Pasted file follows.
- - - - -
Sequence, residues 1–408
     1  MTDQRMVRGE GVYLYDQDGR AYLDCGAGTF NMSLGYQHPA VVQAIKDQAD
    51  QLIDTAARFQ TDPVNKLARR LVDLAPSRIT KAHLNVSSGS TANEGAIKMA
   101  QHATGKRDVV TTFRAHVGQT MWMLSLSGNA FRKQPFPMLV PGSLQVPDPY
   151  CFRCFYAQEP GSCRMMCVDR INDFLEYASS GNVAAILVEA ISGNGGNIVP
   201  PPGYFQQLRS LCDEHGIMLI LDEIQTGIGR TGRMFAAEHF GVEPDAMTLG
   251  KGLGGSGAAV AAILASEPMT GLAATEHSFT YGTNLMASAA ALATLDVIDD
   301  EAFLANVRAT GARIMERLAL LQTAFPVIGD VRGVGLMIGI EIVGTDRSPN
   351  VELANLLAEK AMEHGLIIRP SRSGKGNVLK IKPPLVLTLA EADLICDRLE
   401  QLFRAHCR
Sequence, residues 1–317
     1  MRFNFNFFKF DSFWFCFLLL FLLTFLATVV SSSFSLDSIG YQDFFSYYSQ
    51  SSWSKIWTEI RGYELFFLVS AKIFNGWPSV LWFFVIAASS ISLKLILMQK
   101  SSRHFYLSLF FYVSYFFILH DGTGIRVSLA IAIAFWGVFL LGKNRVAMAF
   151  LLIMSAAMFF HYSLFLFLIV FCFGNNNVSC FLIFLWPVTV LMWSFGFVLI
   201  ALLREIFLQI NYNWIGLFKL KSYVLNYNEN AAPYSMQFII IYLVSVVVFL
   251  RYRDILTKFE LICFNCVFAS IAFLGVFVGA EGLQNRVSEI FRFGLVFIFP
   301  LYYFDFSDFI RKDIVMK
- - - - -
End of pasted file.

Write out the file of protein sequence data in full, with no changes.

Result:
Sequence, residues 1–408
     1  MTDQRMVRGE GVYLYDQDGR AYLDCGAGTF NMSLGYQHPA VVQAIKDQAD
    51  QLIDTAARFQ TDPVNKLARR LVDLAPSRIT KAHLNVSSGS TANEGAIKMA
   101  QHATGKRDVV TTFRAHVGQT MWMLSLSGNA FRKQPFPMLV PGSLQVPDPY
   151  CFRCFYAQEP GSCRMMCVDR INDFLEYASS GNVAAILVEA ISGNGGNIVP
   201  PPGYFQQLRS LCDEHGIMLI LDEIQTGIGR TGRMFAAEHF GVEPDAMTLG
   251  KGLGGSGAAV AAILASEPMT GLAATEHSFT YGTNLMASAA ALATLDVIDD
   301  EAFLANVRAT GARIMERLAL LQTAFPVIGD VRGVGLMIGI EIVGTDRSPN
   351  VELANLLAEK AMEHGLIIRP SRSGKGNVLK IKPPLVLTLA EADLICDRLE
   401  QLFRAHCR
Sequence, residues 1–317
     1  MRFNFNFFKF DSFWFCFLLL FLLTFLATVV SSSFSLDSIG YQDFFSYYSQ
    51  SSWSKIWTEI RGYELFFLVS AKIFNGWPSV LWFFVIAASS ISLKLILMQK
   101  SSRHFYLSLF FYVSYFFILH DGTGIRVSLA IAIAFWGVFL LGKNRVAMAF
   151  LLIMSAAMFF HYSLFLFLIV FCFGNNNVSC FLIFLWPVTV LMWSFGFVLI
   201  ALLREIFLQI NYNWIGLFKL KSYVLNYNEN AAPYSMQFII IYLVSVVVFL
   251  RYRDILTKFE LICFNCVFAS IAFLGVFVGA EGLQNRVSEI FRFGLVFIFP
   301  LYYFDFSDFI RKDIVMK